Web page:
“Yeah, it would be useful on a practical basis. Like the long drive back to Hertfordshire wears me out and it isn’t helped by having a three-year-old sister who immediately wants my attention. Aiso I’m accumulating lots of personal possessions and my bedroom’s crammed full of junk even if the house itself is fairly large.
“But most of the time I’m happy with the situation. Personally, I never feit that running away was a good idea because I never like running away from anything. Ilike to work things out for myself and face up to them.”
Do you find you can keep in touch with all your old friends?
“Sure, it’s not hard to do. I mean I was surprised to read in a certain interview that a certain star said: ‘All my friends have changed, I can’t talk to them any more.’
“I mean what kind of relationships did he have? You have to make an extra effort with friends but then I always have because I’ve always valued them a lot.”
Have you made any friends with other people involved with the pop scene? Who have you come across either by coincidence or otherwise?
“Well, Kirsty MacColl I’ve got to know really well and I think she’s great. Steve Strange, too, he’s actually a lovely person. There are not that many others – just names I meet whenever we are all doing radio interviews in Germany or wherever. People like Aneka, Altered Images and The Police. Just faces, really. Yes, I met Sting. He didn’t say very much although he did mention that he liked my record. The only person I don’t want to meet is Elvis Costello.”
Don’t want to? Why?
“Because I admire him so much that I’d probably make an arse-hole of myself telling him so! He’s had such an influence on my musical taste and really enhanced my direction.”

Talk turns to his recent London shows and his career in general and eventually I have no choice but to brag about the legendary undercover interview I conducted with the rock ‘n’ roll Poet Laureate some 11 months ago.
“Oh!” she exclalms, “you’re the one that did that? Ah, you … you’re so lucky you didn’t get a punch in the face!”
When I tell her this was exactly what did happen she laughs uproariously before sitting on the edge of her seat to hear the rest the story.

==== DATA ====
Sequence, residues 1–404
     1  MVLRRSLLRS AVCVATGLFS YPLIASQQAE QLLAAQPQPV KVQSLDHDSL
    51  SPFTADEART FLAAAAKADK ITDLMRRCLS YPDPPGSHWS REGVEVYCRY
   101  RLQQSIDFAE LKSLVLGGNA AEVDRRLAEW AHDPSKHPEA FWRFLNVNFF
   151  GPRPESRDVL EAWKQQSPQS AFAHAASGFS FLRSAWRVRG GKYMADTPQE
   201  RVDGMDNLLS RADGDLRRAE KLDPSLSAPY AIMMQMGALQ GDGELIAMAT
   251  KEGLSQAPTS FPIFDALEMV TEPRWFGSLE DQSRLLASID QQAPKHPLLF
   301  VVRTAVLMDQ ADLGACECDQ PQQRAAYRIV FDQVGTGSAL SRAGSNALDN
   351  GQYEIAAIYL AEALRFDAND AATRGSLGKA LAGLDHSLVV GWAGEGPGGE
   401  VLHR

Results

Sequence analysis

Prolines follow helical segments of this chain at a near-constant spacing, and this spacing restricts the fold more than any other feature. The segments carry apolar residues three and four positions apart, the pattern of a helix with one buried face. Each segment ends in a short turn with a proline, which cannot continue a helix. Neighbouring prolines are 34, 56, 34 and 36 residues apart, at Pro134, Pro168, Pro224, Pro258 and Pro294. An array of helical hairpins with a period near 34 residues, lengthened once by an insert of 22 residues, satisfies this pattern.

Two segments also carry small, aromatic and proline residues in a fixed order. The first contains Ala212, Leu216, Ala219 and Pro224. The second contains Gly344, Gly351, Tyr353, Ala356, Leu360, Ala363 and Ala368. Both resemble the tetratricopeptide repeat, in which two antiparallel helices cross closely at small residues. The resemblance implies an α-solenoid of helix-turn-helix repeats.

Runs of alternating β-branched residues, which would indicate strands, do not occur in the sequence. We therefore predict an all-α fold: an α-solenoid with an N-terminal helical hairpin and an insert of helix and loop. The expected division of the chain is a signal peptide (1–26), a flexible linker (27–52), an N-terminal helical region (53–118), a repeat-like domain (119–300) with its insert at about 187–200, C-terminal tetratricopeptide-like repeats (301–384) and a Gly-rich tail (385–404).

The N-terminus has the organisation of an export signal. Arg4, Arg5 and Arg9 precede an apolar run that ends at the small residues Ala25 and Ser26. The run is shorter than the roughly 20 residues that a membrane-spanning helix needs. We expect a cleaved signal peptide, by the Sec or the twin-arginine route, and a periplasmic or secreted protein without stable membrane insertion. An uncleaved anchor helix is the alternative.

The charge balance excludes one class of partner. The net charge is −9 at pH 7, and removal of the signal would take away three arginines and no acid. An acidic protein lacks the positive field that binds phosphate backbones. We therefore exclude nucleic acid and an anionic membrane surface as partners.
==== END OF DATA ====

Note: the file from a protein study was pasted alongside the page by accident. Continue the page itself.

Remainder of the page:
From Elvis the conversation moves on to other national heroes – like Adam. What do you think of him and the way he’s presented himself?
“I like him very much. I think he’s pure quality entertainment and I like to be entertained. He’s very clever and it’s nice to feel that someone like him is around. I feel in a similar situation to him, although not as much obviously, because he’s a massive star. I can sympathise wltn what he’s up to, because I’m in the same game, though doing it slightly differently.” You mean having to present yourself in your most marketable way without losing sight of your identity?
“Mmmmm, that’s something of which I am painfully aware and the reason why you probably won’t see me change very much.” But surely you want to develop and move on?
“Yeah, yeah but it will have to be development rather than drastic change. I mean I hope it progresses. I’ve changed quite a lot since last year. I suppose it depends upon what kind of trousers I buy, it seems to have a lot to do with it!”
Sure. How do you teel about being a sex symbol? Some commentators have described you as another Bardot or Deborah Harry whilst our readers have voted you No 1 sex symbol in the annual poll.
“Have they?” she enquires blankly. “I don’t think about it. I read it and laugh.”
Isn’t there any conscious effort on your part to be an object of sex and glamour?
“Glamour, I love glamour,” she replies with a mixture of sneakiness and relief. “But I wish I could be a bit more glamorous. I wish I could be… one of those girls that wear one of those beautiful off-the-shoulder dresses,” Kim fantasises, illustrating her desire with a flourish, “but I dunno, I’m not sure about that in public. I might wear an elaborate gown to go out in private, but I’m not sure about in front of the camera.”
What, you mean tor like a balI or a party?